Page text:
Roth, V. (2011). Divergent. London: HarperCollins.
Tris lives in a future Chicago, where the population is divided into 5 factions, each of which embodies a certain trait (courage, knowledge, peace, selflessness, honesty). At the age of 16 everyone must choose which faction they will devote their life too. Only one problem . . . Tris's mind doesn't fit into one faction, making her divergent. And in this world, divergent is a very dangerous thing to be.
Part of me still doesn't know what to make of this one. On the one hand, it has some pretty fatal flaws. As has been commented on countless times elsewhere, the world building is ABSOLUTELY TERRIBLE. Roth never explains what caused the world's downfall, why there are factions, what's outside the cities barriers and countless other extremely important details that would make this good dystopic fiction. I could never quite fall entirely into her world of factions, mostly because there was always a little niggle of 'why isn't everyone divergent? Because unless there have been some pretty radical changes in human nature in her unexplored future world history, you can't fit the human mind into one little box.' Weighing in at just under 500 pages, it also felt like Divergent took 400 pages to actually go anywhere. Most of the book is dedicated to descriptions of Tris's initiation into her chosen faction, which though interesting, doesn't advance the plot at all. When we do get the climax, it feels forced and rushed. Which is a shame considering that Roth seems to have a talent for action packed writing, of which there is plenty of in the rest of the book.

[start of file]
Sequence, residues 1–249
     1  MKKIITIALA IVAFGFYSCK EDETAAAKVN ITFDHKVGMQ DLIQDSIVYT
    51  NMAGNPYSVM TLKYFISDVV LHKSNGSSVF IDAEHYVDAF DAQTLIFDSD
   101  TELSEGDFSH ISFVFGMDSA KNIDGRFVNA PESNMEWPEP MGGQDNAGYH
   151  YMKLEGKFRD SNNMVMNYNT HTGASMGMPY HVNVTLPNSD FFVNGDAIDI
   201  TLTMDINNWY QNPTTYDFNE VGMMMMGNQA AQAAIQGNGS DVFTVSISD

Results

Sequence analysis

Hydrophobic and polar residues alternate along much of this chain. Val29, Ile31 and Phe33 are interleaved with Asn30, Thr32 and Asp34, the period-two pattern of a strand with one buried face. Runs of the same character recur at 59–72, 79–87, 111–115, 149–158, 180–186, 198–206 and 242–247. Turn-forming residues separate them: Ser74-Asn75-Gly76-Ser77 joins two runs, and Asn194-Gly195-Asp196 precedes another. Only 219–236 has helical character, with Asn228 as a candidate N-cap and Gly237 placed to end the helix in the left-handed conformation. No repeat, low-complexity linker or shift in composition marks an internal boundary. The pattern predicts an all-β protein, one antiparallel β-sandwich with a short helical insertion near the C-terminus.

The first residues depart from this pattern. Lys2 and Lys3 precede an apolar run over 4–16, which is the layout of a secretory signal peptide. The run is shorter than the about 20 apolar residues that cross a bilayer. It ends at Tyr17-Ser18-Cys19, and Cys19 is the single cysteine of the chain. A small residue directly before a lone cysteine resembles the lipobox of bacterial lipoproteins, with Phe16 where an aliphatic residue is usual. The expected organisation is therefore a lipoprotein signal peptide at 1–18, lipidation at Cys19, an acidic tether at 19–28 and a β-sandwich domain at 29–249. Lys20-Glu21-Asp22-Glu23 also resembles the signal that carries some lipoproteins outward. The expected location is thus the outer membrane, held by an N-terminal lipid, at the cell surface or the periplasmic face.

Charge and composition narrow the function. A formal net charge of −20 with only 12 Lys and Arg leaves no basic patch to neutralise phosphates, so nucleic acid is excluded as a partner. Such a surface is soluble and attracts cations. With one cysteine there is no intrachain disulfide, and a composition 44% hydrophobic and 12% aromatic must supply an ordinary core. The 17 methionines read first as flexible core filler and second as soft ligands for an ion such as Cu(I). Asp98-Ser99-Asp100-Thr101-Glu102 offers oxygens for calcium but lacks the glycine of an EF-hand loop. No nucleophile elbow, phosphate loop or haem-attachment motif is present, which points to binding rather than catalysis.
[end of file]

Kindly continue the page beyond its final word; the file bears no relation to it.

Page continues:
On the plus side, I enjoyed the element of romance. It's nice to not have to put up with the love triangles that are oh-so-overdone in current YA fiction. Instead we get a flawed hero, who makes his move early (I appreciate not having to spend the next books in the series yelling JUST KISS HER ALREADY in my head). The exploration and exploitation of fear by the Dauntless faction is written extremely well and this is the only part of the novel where I really felt like I was reading something dystopic, rather than just mildly sci-fi. And in the end. . . well its just fun to read. Despite the lack of forward plotting, the action moves quickly. It's kind of like being on a roller-coaster. Part of you just wants it to stop and part of you just wants it to keep going!
3.5 stars, rounded down to 3 on Goodreads.